May 28, 2012 at 13:26

I wonder if I will finally be right about austerity. I could never see how it would bring about confidence for growth. We are essentially putting customers out of work. All this about Greek debt seems odd too. I understand their debt to be €350 bn, that being the case, are we making too much noise about it. Here in the UK alone we give that amount away in tax loopholes annually. While impoverishing the majority of people who actually do pay tax, or would if they had a job.

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Jeff of Sidcup

May 28, 2012 at 13:35

How I agree with the last comment, particularly the sentence on the Greeks never having earned the standard of living they have recently enjoyed..They may have been the cradle of democracy, but ,nowadays, the country belongs to the Balkans, not Europe

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Jeff of Sidcup

May 28, 2012 at 13:37

I was, of course referring to William Phillips' comment.

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Clive B

May 28, 2012 at 13:48

The reason the Eurozone countries get nowhere is that everytime they look at it they come to the same two possible outcomes

a) Germany bails out Greece, Spain, Portugal,....OR

b) Greece (and maybe others) leave the Euro

Germany rightly doesn't want to foot the bill for those countries who've been taking the mickey, overpaying themselves.

Greece (and others) is unacceptable because of the "great Eurozone dream"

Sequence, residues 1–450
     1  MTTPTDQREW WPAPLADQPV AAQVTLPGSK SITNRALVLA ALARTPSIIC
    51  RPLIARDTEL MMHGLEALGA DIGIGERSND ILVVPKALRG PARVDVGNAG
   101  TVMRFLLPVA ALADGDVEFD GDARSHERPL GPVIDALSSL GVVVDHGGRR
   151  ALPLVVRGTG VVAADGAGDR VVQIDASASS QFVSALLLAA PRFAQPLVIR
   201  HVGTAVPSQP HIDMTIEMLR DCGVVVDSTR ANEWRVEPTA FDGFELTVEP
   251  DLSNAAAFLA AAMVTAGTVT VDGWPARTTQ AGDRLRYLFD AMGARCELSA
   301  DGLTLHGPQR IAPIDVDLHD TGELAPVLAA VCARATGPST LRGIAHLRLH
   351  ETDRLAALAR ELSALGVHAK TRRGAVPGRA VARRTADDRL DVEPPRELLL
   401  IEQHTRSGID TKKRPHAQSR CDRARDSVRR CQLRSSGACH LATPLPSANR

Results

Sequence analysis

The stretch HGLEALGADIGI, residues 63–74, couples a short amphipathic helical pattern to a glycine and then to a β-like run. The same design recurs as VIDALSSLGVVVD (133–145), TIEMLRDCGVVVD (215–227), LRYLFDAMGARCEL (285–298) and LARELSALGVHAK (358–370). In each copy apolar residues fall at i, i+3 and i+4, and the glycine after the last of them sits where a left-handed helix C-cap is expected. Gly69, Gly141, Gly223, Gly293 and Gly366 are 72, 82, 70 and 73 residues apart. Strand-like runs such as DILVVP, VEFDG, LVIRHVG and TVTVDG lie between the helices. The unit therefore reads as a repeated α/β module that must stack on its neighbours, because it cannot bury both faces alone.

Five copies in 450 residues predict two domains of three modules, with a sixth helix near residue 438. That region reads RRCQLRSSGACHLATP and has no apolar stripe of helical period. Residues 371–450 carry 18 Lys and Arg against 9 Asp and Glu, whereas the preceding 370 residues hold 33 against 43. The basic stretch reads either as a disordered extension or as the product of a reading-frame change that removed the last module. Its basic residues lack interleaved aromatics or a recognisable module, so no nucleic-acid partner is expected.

Doesn't matter how long they delay, it IS going to fall apart.

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Westwinds3

May 28, 2012 at 13:54

I don't think I am convinced by Robert's analysis. If the problem were liquidity, then better emergency funding for banks might well be the answer. But surely the problem is solvency? The loans are already bad. In which case it is pointless buying bad debts with good money. The optimum strategy must be to encourage growth to minimise the losses. Growth depends on the rate of movement of money. Propping up banks seems to me an extremely inefficient way of doing this. Other approaches, paying welfare to people who will have to spend it to survive, infrastructure, even employing tax collectors should be far more efficient.

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Martin Drew

May 28, 2012 at 14:33

The problem with the EU as Westwinds3 says is solvency. Because a few years ago most of northern Europe could afford a not unreasonable welfare system most of the other countries in the EU thought they could afford one too. They couldn't and now most of northern Europe can't either. The only way back to solvency is to cut government expenditure and for northern Europe that is proving quite painful, but for those countries in the EU who couldn't afford it in the first place the cuts are almost unbearable. How they vote when elections come along is a measure of the moral courage and willingness to face the facts of the voters. The French (not for the first time) have failed the test and are demanding that they are entitled to a standard of living for which they have not worked. The Greeks are undecided and may well surprise us by voting to face up to the facts and endure the hardship to make their country solvent (for the first time in its recent history). Looking at the last opinion poll I think the British are more likely to emulate the French, but time will tell.

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David Harvey

May 28, 2012 at 15:26